While that may not seem like news, the Richfield branch was included in a 2009 USPS list as one of more than 20 Minnesota post offices which would be put under “full study” and considered for closure or significant overhaul.
The latest announcement came July 26 as USPS unveiled plans to optimize its retail operations. USPS is looking to save roughly $200 million with the closures after running a budget deficit of approxamately $8 billion last year.
“We were looking at combining [the Richfield Post Office] with a couple of other delivery units and combining retail operations,” said Pete Nowacki, district media contact for the USPS, in reference to the 2009 list. “The [postal] carriers in Richfield would have gone to another postal facility and our current retail unit [in Richfield] would have maybe moved.”
Nowacki stressed that plans for the Richfield Post Office didn’t ever get very far.
“It never got further than talk,” he said.
Nowacki said the 2009 study survey is outdated, and that the list released on July 26 was a more accurate list of post offices the USPS is considering closing.
Doreen Hintz, branch manager for the Richfield Post Office since 2008, said that, since taking over in her current role, she hadn’t heard a word about the possibility of the Richfield branch closing or moving.
“Information rolls downhill around here,” Hintz said. “I haven’t heard anything, but I’m not in the loop.”
While branch managers are not authorized to give out specific employee information, Hintz said that more than 30 people were employed at the Richfield Post Office. Because any plans for closing or moving the Richfield Post Office didn’t get very far with USPS management, it remains unclear what, if anything, would happen to workers at the Richfield branch ever did close.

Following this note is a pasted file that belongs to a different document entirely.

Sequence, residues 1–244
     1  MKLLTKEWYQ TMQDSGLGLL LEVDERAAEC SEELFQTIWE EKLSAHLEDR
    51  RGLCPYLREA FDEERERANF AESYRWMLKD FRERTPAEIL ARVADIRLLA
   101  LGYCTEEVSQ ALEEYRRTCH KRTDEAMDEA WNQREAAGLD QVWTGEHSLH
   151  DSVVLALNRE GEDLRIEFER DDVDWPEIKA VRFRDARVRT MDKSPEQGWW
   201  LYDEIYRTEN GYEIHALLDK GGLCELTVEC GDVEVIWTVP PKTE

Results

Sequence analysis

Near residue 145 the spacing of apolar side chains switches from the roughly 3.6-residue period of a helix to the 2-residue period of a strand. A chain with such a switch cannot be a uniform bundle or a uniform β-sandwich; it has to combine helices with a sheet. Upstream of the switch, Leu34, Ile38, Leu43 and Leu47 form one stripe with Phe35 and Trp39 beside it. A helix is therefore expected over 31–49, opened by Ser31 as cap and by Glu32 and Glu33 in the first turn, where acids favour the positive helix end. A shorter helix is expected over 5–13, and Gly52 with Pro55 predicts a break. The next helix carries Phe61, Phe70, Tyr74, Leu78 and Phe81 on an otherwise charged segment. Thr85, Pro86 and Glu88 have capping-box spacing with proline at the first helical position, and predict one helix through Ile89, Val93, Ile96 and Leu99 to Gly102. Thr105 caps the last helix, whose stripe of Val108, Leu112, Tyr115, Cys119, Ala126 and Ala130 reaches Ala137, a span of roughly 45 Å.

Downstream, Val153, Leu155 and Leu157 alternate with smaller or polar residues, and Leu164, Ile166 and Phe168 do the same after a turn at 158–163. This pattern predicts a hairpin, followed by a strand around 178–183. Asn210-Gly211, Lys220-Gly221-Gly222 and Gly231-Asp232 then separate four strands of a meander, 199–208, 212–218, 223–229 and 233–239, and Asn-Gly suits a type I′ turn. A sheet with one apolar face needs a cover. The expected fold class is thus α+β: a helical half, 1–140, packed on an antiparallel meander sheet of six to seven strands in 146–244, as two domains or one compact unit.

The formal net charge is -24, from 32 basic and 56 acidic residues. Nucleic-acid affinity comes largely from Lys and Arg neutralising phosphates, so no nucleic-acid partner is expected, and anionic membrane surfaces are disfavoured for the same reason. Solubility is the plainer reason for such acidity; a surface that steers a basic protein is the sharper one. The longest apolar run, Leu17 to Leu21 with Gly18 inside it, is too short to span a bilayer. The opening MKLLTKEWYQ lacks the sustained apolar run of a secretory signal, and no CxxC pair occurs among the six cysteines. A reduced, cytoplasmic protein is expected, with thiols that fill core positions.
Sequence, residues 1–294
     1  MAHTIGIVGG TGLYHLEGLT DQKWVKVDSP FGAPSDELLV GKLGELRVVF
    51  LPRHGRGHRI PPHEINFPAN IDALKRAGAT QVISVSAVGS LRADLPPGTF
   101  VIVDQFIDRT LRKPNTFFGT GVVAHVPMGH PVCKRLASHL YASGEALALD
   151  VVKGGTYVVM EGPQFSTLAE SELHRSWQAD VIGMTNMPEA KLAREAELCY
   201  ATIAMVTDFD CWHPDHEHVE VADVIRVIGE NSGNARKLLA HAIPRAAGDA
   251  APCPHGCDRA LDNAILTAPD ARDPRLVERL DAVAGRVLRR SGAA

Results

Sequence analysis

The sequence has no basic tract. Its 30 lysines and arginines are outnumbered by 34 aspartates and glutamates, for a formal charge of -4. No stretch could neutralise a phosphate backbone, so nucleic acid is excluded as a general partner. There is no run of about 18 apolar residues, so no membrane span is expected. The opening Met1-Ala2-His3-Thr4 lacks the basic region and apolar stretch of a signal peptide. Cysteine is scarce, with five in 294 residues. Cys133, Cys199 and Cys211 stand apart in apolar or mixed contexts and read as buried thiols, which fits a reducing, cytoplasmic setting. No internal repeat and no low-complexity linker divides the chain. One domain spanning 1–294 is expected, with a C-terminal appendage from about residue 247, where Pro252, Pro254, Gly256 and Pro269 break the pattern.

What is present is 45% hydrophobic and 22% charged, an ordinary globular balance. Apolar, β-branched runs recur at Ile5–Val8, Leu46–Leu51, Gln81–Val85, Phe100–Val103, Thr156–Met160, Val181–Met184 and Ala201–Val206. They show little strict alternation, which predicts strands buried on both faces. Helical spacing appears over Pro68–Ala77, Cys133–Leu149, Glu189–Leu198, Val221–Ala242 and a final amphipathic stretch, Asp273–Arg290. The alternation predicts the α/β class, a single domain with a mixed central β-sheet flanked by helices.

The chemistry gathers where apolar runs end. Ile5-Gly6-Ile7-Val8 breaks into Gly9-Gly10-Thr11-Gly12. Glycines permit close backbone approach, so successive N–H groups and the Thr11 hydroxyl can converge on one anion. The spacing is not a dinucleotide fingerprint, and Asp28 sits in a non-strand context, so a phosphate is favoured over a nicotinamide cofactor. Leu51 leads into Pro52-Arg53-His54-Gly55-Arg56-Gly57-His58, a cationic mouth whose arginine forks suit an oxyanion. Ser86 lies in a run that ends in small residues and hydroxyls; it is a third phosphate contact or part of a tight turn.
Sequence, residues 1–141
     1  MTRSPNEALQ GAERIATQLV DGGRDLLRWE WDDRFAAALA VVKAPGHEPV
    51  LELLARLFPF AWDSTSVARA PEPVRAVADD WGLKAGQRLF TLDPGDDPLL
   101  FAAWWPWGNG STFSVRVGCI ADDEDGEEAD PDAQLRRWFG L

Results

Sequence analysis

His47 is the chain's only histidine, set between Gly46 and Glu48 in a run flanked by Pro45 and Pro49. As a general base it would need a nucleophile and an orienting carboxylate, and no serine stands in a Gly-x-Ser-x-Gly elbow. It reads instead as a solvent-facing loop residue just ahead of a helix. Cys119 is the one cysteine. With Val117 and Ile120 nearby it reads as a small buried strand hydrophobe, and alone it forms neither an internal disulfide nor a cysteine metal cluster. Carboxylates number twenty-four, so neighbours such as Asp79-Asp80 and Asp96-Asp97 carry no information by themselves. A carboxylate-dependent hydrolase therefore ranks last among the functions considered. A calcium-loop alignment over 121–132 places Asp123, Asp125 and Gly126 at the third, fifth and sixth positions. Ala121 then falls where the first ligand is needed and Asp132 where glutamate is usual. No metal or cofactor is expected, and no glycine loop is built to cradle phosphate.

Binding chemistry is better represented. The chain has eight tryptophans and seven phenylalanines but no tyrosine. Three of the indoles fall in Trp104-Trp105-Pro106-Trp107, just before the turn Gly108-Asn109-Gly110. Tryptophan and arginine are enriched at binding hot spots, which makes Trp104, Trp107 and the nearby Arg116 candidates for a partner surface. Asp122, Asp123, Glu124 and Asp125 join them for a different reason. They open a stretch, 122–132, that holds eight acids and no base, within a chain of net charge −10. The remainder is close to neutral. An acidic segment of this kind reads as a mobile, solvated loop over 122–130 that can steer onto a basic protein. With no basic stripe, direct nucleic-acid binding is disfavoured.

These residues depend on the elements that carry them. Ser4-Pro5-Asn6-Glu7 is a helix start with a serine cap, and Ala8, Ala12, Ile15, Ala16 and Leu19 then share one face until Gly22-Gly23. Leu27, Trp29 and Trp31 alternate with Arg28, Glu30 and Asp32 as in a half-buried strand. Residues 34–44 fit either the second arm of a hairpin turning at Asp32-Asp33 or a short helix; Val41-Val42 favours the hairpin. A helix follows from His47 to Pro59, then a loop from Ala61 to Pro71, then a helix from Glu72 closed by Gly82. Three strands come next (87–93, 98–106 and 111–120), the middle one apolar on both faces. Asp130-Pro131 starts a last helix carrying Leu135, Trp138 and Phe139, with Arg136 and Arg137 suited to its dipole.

The postal service will continue to look at cost-cutting measures as a result of changes in consumer behavior which include expanded use of electronic mail and other electronic communication; also affecting its bottom line is increased competition from FedEx, UPS and other shipping services.
Postmaster General Patrick Donahoe stressed that, in a changing world, the Postal Service must change alongside its customers.
“Today, more than 35 percent of the postal service’s retail revenue comes from expanded access locations such as grocery stores, drug stores, office supply stores, retail chains, self-service kiosks, ATMs and usps.com, open 24/7,” Donahoe said in a press release. “Our customer’s habits have made it clear that they no longer require a physical post office to conduct most of their postal business.”
Approximately 90 post offices in Minnesota will be studied for closure, according to the recent list. Most of them are located in more rural areas around the state.